from now and folks are not going to want a car, that half a percent of a big ticket item is a real disadvantage. i would like to see this extended throughout the life of the increase. i just think that -- otherwise it could become a burden -- especially people who are buying large items. >> thank you, commissioner. i absolutely appreciate those comments and understand and will relay them to the mayor. thank you very much. president o'brien: i totally agree with everything that has been said. i think the mayor has managed to engender a lot of good faith and a lot of genuine desire to work with him in these tough budget times. you know, i never thought i would see the day where i'd be even for a second entertaining the idea of a tax. i thought i would never be one of those people. but it's easier when you're just walking down the street to say no taxes than when you're in a position that makes a difference. that said, it is pretty gentle. we are going from reduction -- we're still seeing a net reduction, which i think is really good. and the fact that this is an integral part of the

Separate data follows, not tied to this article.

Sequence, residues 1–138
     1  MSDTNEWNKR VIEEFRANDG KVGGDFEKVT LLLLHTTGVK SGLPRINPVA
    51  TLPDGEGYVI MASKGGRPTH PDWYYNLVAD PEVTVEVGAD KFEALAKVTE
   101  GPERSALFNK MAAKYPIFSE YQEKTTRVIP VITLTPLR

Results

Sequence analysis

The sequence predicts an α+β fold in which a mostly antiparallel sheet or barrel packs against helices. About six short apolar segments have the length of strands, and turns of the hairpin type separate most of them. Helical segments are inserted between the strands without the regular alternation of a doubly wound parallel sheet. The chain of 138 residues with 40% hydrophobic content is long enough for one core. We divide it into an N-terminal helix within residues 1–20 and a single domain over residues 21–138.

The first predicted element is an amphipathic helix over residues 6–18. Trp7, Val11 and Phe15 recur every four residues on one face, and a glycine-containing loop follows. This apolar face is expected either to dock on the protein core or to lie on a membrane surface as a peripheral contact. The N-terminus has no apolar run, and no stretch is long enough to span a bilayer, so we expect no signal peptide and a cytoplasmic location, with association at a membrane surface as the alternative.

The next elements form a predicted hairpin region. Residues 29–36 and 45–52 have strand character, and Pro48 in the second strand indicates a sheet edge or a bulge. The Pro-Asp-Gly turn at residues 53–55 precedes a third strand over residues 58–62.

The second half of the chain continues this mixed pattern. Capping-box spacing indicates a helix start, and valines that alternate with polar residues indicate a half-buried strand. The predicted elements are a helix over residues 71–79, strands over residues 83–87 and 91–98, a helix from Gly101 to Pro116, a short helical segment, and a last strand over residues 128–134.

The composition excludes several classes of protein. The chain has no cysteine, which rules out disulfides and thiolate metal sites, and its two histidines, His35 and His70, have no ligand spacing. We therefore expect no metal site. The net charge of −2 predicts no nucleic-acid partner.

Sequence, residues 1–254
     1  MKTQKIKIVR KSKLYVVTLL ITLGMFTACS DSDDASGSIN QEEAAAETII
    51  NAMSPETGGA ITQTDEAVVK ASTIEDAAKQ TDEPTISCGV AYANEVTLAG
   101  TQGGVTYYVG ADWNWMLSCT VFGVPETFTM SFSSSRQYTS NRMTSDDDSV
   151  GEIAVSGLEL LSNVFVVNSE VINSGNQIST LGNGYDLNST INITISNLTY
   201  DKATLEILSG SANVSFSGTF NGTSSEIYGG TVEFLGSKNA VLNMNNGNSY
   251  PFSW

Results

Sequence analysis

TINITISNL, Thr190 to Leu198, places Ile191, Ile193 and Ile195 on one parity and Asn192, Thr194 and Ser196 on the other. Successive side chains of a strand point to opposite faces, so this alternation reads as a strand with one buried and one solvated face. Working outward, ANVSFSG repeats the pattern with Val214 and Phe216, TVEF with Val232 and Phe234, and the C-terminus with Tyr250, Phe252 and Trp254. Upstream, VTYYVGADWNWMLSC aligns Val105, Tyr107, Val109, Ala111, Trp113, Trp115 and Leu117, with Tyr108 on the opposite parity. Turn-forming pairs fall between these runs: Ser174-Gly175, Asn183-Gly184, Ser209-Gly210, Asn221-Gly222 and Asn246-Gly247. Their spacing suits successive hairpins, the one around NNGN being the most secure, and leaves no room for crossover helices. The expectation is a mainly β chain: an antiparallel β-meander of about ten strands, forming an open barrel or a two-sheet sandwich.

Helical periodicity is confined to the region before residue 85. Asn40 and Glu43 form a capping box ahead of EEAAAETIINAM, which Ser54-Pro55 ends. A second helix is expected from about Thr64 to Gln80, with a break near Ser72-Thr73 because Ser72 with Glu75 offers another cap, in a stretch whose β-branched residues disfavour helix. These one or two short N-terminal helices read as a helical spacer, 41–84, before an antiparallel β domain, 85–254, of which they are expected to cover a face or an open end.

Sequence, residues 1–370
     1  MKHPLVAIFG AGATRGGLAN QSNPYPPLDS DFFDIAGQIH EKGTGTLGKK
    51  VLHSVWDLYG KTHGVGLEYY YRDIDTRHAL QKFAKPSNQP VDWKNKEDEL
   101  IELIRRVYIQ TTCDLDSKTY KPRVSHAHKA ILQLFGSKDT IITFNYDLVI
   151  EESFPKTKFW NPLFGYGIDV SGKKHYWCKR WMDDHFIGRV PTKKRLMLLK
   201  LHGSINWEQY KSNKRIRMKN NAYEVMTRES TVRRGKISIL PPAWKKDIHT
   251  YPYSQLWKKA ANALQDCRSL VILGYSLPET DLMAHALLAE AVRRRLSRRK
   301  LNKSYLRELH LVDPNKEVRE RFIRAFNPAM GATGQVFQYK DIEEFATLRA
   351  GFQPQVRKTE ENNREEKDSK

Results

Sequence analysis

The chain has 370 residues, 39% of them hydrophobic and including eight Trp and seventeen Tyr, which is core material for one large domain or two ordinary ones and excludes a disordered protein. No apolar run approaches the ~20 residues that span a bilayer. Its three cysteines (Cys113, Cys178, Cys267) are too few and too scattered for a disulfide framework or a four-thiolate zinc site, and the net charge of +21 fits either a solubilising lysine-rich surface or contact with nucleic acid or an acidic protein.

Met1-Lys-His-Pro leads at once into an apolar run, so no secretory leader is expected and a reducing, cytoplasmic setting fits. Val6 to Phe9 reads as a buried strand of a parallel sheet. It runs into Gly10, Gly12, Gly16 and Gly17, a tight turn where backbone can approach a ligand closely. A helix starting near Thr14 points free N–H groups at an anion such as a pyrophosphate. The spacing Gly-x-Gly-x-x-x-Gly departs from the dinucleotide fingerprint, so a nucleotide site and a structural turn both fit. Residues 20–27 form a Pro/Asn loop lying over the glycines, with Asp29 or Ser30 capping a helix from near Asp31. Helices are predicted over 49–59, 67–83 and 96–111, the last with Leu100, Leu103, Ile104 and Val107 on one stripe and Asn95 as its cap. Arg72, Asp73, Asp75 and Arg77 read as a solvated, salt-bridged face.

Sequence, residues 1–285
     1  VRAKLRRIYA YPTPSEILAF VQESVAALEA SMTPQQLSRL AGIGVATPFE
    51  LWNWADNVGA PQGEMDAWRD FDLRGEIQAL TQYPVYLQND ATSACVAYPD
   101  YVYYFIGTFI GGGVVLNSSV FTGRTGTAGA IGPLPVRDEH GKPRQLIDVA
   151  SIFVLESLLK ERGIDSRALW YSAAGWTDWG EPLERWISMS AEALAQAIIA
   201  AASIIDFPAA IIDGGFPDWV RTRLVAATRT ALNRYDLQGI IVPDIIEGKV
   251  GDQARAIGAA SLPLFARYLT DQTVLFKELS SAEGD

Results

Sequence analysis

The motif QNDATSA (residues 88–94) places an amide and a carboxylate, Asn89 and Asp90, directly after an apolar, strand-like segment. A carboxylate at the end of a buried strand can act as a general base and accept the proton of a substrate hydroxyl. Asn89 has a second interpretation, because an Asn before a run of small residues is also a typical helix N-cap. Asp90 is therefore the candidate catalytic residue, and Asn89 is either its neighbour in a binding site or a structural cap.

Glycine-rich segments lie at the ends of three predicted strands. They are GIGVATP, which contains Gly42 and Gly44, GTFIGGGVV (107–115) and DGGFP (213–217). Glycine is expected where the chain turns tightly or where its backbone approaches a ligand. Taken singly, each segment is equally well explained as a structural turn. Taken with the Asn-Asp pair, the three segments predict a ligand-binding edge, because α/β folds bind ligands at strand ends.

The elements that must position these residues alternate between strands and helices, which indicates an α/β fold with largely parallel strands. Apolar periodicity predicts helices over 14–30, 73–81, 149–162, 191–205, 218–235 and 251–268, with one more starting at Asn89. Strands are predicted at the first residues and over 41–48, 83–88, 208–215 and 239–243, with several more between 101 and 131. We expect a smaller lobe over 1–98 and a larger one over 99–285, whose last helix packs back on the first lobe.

through the intersection of octavia and oak, and it had collided with a big rig. a few issues. one, we notice that there are no seat belts on shuttle buses. you have to imagine the full weight of a person being ejected from the shuttle bus then to be injured and killed by the of the vehicle. we may need a re-examination of the law that gives this. i think that seat safety devices should be required in the shuttle and in the public. it is something that if required for children on the shuttle buses, then there may be consideration that we do that four adults, too. just by the full magnitude of this accident in this area. octavia boulevard, as wonderful as it is, does, i think, have some unintended consequences. this would require an assessment, especially as traffic intersects with the arteries. there is the traffic that we directs itself on to the smaller streets and alleyways that tries to navigate around the arteries because of how congested those arteries are, as people are looking to come off of octavia boulevard or go on as they are approaching the highway. it is important that th